Police 'given food parcels' at Marikana
Pretoria - An entry showing that police officers deployed to Marikana in August 2012 were supplied with food parcels by Lonmin was deleted from an occurrence book, the Farlam Commission of Inquiry heard on Thursday.
Deleted material from Lonmin occurrence books took centre stage at the public hearings in Pretoria when Lonmin group mining emergency and security manager Graeme Sinclair was cross-examined.
Commission chairperson retired judge Ian Farlam read out a deleted entry discovered by evidence leaders.
"Why was this deleted? An entry of 29 August 2012 saying a Warrant Officer Thebejane called to request 150 food parcels to court tomorrow. [A Lonmin employee] Botes confirmed that the food parcels can be ordered for tomorrow morning.
"Hannes Human [another Lonmin employee] then informed the buyer Patricia to order 150 extra food parcels. Why was that deleted? Who was the food parcels for?" said Farlam.
‘Who were the food parcels for?’
Sinclair stuttered that he "wouldn't have an idea" why it was deleted.
"There was no particular reason for it to be deleted. If I gave that instruction, I don't know," he said.
Farlam repeated: "Who were the food parcels for?"
"The food parcels were for our guards. They were for additional people that were around, people we required," said Sinclair.
Farlam asked again: "Did you have 150 extra guards at the magistrate's court. Huh?"
Sinclair responded: "We assisted with food parcels for any police officers that travelled long distances. It could have been for that, or the guards, or our staff."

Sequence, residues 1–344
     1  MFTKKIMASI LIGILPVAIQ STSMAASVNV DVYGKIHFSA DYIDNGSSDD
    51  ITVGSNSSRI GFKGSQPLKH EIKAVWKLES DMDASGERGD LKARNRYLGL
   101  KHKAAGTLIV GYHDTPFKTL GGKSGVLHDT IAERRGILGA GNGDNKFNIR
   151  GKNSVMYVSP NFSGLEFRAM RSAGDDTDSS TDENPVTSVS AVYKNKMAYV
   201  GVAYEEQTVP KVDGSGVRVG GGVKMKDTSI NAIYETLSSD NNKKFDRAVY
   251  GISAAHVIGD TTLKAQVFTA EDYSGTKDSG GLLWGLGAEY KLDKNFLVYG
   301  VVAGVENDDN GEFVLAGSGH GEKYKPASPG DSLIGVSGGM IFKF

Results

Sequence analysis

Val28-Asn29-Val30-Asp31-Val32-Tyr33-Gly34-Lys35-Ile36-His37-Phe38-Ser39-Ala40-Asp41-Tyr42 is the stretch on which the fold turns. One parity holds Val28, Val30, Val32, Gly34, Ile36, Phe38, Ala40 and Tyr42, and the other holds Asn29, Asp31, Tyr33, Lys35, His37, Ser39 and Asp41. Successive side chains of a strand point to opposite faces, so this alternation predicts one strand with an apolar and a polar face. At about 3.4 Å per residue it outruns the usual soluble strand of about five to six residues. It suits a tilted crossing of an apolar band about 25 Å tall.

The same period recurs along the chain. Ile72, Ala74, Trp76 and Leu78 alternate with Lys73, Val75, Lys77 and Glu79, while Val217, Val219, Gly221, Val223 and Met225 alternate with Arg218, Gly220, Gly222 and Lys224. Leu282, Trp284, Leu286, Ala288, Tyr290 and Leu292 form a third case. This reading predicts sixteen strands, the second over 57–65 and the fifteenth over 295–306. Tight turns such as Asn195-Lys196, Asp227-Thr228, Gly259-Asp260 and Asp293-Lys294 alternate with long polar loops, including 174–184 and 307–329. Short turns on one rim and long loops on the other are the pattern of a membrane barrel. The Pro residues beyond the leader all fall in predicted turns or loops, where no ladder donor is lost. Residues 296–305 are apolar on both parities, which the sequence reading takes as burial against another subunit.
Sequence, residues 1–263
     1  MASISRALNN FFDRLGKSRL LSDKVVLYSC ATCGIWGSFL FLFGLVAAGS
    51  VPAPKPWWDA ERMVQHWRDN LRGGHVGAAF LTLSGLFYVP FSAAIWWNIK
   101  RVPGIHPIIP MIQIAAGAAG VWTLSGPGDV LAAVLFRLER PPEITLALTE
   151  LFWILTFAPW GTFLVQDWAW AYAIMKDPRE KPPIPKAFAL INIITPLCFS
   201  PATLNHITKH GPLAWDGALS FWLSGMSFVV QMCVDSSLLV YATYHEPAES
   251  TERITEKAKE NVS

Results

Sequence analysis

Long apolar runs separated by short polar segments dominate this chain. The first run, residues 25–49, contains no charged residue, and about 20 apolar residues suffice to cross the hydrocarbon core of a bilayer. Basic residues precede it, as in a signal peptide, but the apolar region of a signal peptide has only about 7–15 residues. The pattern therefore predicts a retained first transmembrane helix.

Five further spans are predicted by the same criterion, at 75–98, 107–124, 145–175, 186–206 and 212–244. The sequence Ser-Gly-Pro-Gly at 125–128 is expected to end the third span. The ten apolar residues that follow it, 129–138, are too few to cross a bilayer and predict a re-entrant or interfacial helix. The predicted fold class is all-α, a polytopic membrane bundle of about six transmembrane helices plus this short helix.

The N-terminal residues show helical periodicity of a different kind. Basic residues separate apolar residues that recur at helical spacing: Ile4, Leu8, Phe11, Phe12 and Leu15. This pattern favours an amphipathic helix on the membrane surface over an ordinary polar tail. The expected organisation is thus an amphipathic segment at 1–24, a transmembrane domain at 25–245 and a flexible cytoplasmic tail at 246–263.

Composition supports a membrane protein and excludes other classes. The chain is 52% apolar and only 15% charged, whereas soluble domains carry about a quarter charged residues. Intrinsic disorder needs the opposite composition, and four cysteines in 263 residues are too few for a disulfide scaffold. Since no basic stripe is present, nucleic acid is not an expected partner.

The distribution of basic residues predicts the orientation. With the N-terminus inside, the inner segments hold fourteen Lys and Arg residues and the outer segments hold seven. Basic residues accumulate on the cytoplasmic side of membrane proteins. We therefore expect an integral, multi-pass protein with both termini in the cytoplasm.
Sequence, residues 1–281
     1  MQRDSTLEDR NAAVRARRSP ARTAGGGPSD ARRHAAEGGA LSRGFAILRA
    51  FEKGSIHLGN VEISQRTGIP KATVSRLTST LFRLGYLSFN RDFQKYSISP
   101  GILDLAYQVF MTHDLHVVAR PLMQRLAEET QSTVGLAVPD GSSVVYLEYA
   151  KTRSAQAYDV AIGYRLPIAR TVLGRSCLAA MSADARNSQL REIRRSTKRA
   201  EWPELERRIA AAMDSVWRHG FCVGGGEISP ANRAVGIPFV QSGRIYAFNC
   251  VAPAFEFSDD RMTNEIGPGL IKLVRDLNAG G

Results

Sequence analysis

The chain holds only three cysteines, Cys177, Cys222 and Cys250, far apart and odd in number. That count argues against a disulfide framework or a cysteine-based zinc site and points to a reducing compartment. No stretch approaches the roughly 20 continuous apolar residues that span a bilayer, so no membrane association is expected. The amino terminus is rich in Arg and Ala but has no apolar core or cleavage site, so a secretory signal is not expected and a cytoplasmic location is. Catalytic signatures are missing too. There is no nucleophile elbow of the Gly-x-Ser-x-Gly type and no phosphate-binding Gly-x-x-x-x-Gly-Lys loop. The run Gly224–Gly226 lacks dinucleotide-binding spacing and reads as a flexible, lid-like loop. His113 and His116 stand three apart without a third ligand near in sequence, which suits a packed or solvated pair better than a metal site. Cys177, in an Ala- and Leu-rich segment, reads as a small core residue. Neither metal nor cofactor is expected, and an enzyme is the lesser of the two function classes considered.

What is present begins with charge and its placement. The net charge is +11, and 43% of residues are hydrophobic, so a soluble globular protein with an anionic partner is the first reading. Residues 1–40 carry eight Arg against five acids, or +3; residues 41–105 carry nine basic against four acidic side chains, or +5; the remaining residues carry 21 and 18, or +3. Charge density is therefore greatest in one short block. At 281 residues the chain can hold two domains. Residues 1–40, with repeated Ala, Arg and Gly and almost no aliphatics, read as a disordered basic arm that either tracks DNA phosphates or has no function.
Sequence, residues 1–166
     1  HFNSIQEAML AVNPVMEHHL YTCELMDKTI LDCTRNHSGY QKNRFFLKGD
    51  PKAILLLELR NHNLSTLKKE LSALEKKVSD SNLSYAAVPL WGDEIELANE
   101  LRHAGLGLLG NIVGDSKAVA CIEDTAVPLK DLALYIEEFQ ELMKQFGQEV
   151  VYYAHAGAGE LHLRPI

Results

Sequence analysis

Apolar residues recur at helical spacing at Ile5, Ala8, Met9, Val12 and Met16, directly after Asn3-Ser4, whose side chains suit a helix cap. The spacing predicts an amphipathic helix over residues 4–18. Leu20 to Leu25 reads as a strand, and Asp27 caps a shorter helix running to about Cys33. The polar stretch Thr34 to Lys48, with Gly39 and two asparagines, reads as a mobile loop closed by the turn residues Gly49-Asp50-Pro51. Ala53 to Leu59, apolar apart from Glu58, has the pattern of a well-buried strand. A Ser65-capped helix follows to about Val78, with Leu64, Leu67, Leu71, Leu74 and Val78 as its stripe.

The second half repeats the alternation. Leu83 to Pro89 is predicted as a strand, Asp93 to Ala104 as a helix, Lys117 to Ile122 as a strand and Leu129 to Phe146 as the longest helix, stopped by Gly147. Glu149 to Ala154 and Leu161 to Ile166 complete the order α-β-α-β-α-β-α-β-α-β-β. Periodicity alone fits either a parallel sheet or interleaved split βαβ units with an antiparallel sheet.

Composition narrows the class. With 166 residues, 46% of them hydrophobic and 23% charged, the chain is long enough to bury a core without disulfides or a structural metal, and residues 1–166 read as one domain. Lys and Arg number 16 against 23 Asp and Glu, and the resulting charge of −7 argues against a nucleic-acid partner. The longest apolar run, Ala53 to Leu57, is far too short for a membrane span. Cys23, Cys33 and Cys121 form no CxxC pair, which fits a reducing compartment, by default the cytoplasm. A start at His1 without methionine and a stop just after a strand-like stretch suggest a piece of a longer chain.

Farlam still wanted to know why the entry was deleted.
"I am puzzled, I would be glad if you help me out of my state of puzzlement," said Farlam.
Sinclair responded: "Mr Chair, I cannot explain why that particular line was deleted. It wasn't significant. I have listened to your opinion very clearly."
Farlam interjected: "It is not my opinion. I haven't given my opinion on this."
He said Sinclair had told his personal assistant to delete other lines but this did not seem to fit in with those instructions.
Sinclair said he could not explain.
Sinclair said earlier he instructed his personal assistant, identified as Amanda, to "clean up" the documents before they were used in "public".
"I think she told herself, 'this is Graeme's instruction, let me take it out'. Did I ask her what exactly she deleted? No, I didn't. Did I go back and check? No, I didn't," said Sinclair.
Evidence leader Kameshni Pillay said most of the deleted information related to incidents involving Lonmin security guards firing at protesters on several days in August 2012.
She said the complete Lonmin records of the August 2012 Marikana shootings were unearthed in the evidence leaders' own investigations.
"Had it not been for two processes instigated and initiated by evidence leaders, this version [of the Lonmin occurrence book] would not have been before the commission," she said.
"Exhibit XX2.10 is the document that Lonmin put forward as the occurrence book. This was the OB [occurrence book] that this commission was working with for a while until we requested the hard drive of Colonel Duncan Scott and discovered the other occurrence book late last year."
Lieutenant Colonel Scott of the police special task force was in charge of drawing up the intervention plan to manage the strike-related violence at Lonmin's platinum mining operations at Marikana, near Rustenburg in North West, in August 2012.
"Until August last year, the version which this commission was working with was the version with significant deletions. Those deletions were made at your instance," said Pillay.
Sinclair said he did not want to comment on what was given, or not given, to the inquiry.
"Whatever I was ever asked for was certainly always made available. For me to comment on that, it would be incorrect of me," he said.